Jo Walton (papersky) wrote,
Jo Walton

Scalzi meme: Amazon 1 star reviews

I'm pretty sure I've linked to some of these before.

The weird thing is, that only two of my books have got any 1 star reviews, but they've both got loads. I wonder why this is? Oh well, here you go.

5 of 10 people found the following review helpful:
1.0 out of 5 stars Unoriginal and Boring, August 25, 2002
By wysewomon "wysewomon" (Paonia, CO United States) - See all my reviews
This review is from: The King's Peace (Sulien) (Mass Market Paperback)
_The King's Peace_ is another one of those books that a number people seem to have truly enjoyed. I however, just can't grasp how they managed to do so as it left me so cold that I could barely manage to get through it. Reading it was a horrific chore and not one I would urge on anyone.

Told through the eyes of woman warrior Sulien ap Gwien, _The King's Peace_ is a part of the history of the "fictional" land of Tar Tanagiri during the reign of its King, Urdo. The King bears a striking and less than coincidental resemblance to the legendary Arthur and the land is remarkably similar in politics and history to 6th century Britain.

Now, I generally enjoy any and all re-imaginings of the "Matter of Britain." Unfortunately, _The King's Peace_ was less a re-imagining than it was a re-naming. Although the introduction specifically states "this is not our world or our history," there is nothing at all to differentiate Urdo and Tar Tanagiri from Arthur and Britain, aside from the names. Likewise, every detail is pulled directly from our world and simply renamed. The long-haired raiders are no longer Saxons, they're Jarns, and their god is not Odin but a remarkably similar one-eyed personage called Gangrader. The toga-wearing conquerers of former times are not Romans but Vincans, and their language, which consists entirely of Latin words, is Old Vincan. You have the Morgause Character and the Gawain Character, the Guinevere Character and the Lot Character, but no person or situation that is newly interpreted or that stands alone. I found this not only annoying but incredibly tiresome, as it contributed to the book's being predictable and one-dimensional. There was no spark to catch the imagination.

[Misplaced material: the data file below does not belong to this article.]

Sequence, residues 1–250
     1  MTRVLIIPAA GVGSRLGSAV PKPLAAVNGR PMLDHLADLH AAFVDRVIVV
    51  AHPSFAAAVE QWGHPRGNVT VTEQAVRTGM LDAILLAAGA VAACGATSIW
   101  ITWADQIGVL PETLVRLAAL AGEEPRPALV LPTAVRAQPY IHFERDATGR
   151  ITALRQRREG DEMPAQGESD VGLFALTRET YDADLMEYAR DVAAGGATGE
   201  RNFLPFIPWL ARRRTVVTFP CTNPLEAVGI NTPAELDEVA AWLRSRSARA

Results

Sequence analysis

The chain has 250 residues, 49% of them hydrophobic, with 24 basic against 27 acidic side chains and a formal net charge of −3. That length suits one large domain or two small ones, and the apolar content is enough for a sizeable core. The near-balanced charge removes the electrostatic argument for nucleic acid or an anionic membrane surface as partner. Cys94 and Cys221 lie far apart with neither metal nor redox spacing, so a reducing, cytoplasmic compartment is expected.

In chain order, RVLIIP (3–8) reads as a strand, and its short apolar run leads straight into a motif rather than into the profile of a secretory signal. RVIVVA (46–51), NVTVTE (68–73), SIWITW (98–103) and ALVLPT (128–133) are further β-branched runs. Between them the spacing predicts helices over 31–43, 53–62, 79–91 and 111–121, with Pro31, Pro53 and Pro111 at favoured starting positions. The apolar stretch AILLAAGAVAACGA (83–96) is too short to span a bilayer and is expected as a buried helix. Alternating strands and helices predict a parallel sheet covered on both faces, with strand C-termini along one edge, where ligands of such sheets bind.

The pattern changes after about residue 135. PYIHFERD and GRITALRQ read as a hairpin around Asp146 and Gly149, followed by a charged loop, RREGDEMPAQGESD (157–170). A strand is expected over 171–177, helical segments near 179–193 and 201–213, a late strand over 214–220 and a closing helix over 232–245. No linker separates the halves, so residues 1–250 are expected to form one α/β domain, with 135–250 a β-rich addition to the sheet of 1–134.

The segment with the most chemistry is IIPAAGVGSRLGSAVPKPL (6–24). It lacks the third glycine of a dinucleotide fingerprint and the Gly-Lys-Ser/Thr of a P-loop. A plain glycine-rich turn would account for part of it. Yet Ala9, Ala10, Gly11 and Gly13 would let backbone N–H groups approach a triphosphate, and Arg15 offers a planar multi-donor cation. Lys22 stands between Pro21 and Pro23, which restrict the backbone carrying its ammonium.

The main character and narrator is neither a deep nor subtle thinker. Content with being a soldier and having as little real responsibility as possible, she is one of those bluff and hearty souls who often appear as supporting characters in fantasy novels. The Captain of the Guard, the Master of Horse, the King's Father-in -Law. You know the type. They make really good supporting characters, but abysmal main characters because they have no real opinions or insights; in fact, they shy away from them wherever possible. This allows Sulien to undergo a brutal attack in the first chapter and never allow it to affect her thoughts or personality. It allows her to have unreasoning and inexplicable devotion to a king who is utterly devoid of personality. And it turns a 500-odd page novel into an excruciatingly boring chronicle of the details of feasts and battles without ever demanding that the characters develop or display any motivation for their actions beyond the obvious.

Read this book if you're looking for something long that never explores much of anything with depth or orginal insight. Otherwise giveit a miss -- unless you're looking for a cure for insomnia.
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0 of 4 people found the following review helpful:
1.0 out of 5 stars Plodding and just outright boring, April 10, 2005
By Seth_Saoirse (Jacksonville,FL) - See all my reviews
This review is from: The King's Peace (The King's Peace, Book 1) (Hardcover)
I suppose it's unfair of me to write a review of a book that I could barely finish, however if it prevents someone interested in good fantasy from picking up this monotonous work so be it. I must state that I wholeheartedly enjoyed Ms. Waltons "Tooth and Claw" this novel however lacks imagination and thoughtfulness. The main character Sulien lacks the dimension to carry this story she is raped and then finds friendship with her rapist, we are to believe that she has a child, loves him but then leaves him in the care of people she dislikes and who practice a religion she does not respect.

Time passes in chunks, background that would have been helpful in fleshing out the story is overlooked for the next battle. Sulien is hostile to her mother but we are never told why. She at one point in the story is granted lordship and land but refuses it (guess she forgot about her son being cared for free of charge by those monks) to continue serving Urdo, a lifeless, uninspiring king who spits out the necessary reassuring platitudes.

I cannot imagine how Ms Walton stretched this god awful story into multiple books while cutting out so many details that would have made the story a worthwhile read.

8 of 11 people found the following review helpful:
1.0 out of 5 stars Ghost writer wanted, December 17, 2002
By Joan Weinstein "Book Worm" (Webster, NH United States) - See all my reviews
This review is from: The King's Peace (Sulien) (Mass Market Paperback)
Now I know why people who try to write their autobiographies are better off getting a ghost writer. Jo Walton should have gotten a ghost writer for her main character, Sulien ap Gwien. This story had such a good start and the potential for a great book was there, but Ms. Walton obviously chose to write it from the point of view of an aged, unimaginative, female, retired soldier.

Sulien is raped by invaders and after watching her would-be rescuer, her older brother Darien, get killed, she also is left for dead. She is sent by her father to plead for help from the king. On her way, she comes upon a skirmish between the invaders and soldiers of her country. With her anger at the invaders so fresh, she proves herself a more than worthy opponent and fighter. Lo and behold, King Urdo himself is the leader of this band of soldiers! He is so impressed by Sulien's fighting capabilities that he makes her a part of his personal pennon. The king goes back with her to her father and pledges to give aide. That is as exciting as the story gets!